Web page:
RALEIGH – Under the N.C. Emergency Management Act, at least one reading of it, the Governor of North Carolina is granted unilateral authority to declare emergencies, and subsequently micromanage citizens’ lives. Closing restaurants, setting curfews, statewide mask mandates, telling churches they can’t hold service, and, of course, closing schools; all decisions made by one man, unchecked, in the last year.
It makes the motto ‘First in Freedom’ ring a bit hollow, doesn’t it?
That could be about to change with a series of ‘Better Late than Never’ local bills to rein in Governor Roy Cooper emergency powers under the Act.
For instance, House Bill 166, filed by Rep. David Rogers (R-Rutherford), stipulates that no emergency orders will apply to Rutherford or Polk Counties without the concurrence of the Council of State.
That concurrence provision of the Act was the subject of an earlier lawsuit challenging the governor’s authority, but contradictory provisions in the law provided enough cover for Cooper to remain dictatorial in the eyes of the courts.
Yet, these local bills would change the law itself, and, as the Carolina Journal‘s Andrew Dunn notes, they do not require the governor’s signature to become law. More than that, though, indications are that statewide legislation to further limit the governor’s expansive authority could be in the offing. According to Dunn:
“[…] a spokesman for Senate President Pro Tem Phil Berger, R-Rockingham, implied that a statewide bill to revisit the act could be in the works.
“Reining in the governor’s emergency powers is a priority for this session,” Pat Ryan told Carolina Journal. “One person, whether it be the governor or any other political leader, should not have unilateral power to shut down the entire state with no checks or balances.”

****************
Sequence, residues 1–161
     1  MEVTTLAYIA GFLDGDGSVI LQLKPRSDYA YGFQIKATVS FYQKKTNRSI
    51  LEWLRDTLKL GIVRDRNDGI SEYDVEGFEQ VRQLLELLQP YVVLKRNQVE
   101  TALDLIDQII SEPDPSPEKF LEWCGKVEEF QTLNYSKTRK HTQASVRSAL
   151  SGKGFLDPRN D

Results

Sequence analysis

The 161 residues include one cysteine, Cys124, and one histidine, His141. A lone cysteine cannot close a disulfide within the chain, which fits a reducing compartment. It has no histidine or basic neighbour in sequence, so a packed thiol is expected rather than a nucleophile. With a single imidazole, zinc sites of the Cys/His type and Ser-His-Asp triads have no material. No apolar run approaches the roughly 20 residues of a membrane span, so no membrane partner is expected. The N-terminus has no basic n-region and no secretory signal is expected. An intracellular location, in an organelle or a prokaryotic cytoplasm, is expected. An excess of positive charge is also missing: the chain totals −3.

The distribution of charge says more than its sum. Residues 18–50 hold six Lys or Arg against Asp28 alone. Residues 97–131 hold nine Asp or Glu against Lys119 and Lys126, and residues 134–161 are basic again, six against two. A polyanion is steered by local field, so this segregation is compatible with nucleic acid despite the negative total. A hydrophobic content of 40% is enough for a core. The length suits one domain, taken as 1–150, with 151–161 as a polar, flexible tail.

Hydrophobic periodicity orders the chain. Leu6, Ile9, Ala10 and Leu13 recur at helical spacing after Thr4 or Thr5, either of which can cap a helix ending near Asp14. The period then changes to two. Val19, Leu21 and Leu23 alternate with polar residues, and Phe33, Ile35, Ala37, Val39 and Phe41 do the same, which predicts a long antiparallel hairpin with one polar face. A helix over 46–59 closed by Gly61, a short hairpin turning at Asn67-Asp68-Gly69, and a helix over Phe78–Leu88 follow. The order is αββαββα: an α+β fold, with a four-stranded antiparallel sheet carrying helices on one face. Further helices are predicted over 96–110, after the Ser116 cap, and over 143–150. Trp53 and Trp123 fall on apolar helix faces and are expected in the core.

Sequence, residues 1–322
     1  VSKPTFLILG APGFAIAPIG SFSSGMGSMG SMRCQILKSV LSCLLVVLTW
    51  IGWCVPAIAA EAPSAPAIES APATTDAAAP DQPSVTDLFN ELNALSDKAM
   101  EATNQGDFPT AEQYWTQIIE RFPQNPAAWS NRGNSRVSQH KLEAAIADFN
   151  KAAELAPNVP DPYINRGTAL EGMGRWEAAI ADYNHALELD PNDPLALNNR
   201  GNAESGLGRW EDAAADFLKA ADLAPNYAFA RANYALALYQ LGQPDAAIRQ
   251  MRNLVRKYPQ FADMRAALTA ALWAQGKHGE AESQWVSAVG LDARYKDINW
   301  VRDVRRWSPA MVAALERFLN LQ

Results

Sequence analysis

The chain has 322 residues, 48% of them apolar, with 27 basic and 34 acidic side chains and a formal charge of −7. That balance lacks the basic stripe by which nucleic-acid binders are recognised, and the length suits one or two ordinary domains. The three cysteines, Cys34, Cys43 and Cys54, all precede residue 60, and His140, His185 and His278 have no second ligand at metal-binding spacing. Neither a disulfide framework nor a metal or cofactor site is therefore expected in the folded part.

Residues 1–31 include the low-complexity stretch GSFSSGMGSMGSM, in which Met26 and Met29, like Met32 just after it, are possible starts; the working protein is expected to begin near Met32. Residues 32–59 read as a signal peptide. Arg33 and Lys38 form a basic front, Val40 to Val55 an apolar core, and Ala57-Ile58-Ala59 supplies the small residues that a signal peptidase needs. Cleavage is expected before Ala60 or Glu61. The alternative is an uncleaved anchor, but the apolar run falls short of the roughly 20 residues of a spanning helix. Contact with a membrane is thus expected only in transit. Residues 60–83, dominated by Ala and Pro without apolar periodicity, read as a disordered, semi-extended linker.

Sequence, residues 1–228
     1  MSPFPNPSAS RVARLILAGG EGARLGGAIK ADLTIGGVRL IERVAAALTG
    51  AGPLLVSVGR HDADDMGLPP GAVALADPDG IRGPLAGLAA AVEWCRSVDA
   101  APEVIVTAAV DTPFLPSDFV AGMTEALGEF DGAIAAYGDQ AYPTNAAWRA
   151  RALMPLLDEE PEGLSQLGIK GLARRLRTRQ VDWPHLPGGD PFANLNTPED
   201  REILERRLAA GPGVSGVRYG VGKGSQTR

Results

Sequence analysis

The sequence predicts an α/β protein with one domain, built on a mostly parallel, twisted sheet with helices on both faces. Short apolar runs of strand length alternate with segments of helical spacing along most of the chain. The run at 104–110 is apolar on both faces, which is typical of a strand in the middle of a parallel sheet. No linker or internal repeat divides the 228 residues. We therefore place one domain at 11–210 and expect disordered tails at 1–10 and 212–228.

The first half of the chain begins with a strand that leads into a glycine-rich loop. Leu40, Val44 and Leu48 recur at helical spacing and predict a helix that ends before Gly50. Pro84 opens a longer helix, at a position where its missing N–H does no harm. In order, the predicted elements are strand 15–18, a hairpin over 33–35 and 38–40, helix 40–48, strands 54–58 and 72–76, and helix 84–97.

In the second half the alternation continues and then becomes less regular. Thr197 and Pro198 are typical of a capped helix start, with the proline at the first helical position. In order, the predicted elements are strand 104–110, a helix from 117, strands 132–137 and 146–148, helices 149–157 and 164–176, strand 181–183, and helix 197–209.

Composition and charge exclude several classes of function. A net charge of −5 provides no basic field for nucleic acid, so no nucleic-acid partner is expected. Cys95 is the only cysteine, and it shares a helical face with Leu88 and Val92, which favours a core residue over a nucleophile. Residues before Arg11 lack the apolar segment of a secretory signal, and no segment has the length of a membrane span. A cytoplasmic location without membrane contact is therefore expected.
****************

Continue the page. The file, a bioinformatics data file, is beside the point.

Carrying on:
House leaders are also planning to address the issue, as well. A spokesman for House Speaker Tim Moore said the House would likely reconsider last session’s Senate Bill 105, which would require concurrence of the Council of State for the governor to use most of his emergency powers. The bill was passed by the General Assembly but vetoed by Cooper. […]”
At the very least, such a legislative challenge will shed more light on how ridiculous it is that one man is empowered with the authority to issue unchecked diktats, that clearly infringe on freedoms, for over a year.
However, any normal bill will face the typical threat of veto. As we’ve just learned again with the school reopening bill, convincing enough Democrats to reject fealty to Cooper in overriding those vetoes is quite difficult.
(Again, the local bills can become law without Cooper, and Dunn outlines more of them here.)
And leading lawmakers certainly know this. So, after the governor’s latest veto of kids returning to school was sustained, could there be even more in the works on Jones Street to reclaim the People’s power over their own lives from King Cooper?
In response to that very question, a leading lawmaker in the N.C. House told First in Freedom Daily, “Stay tuned. More to come.”
Let’s hope so. North Carolinians deserve a reprieve from the rein of King Cooper.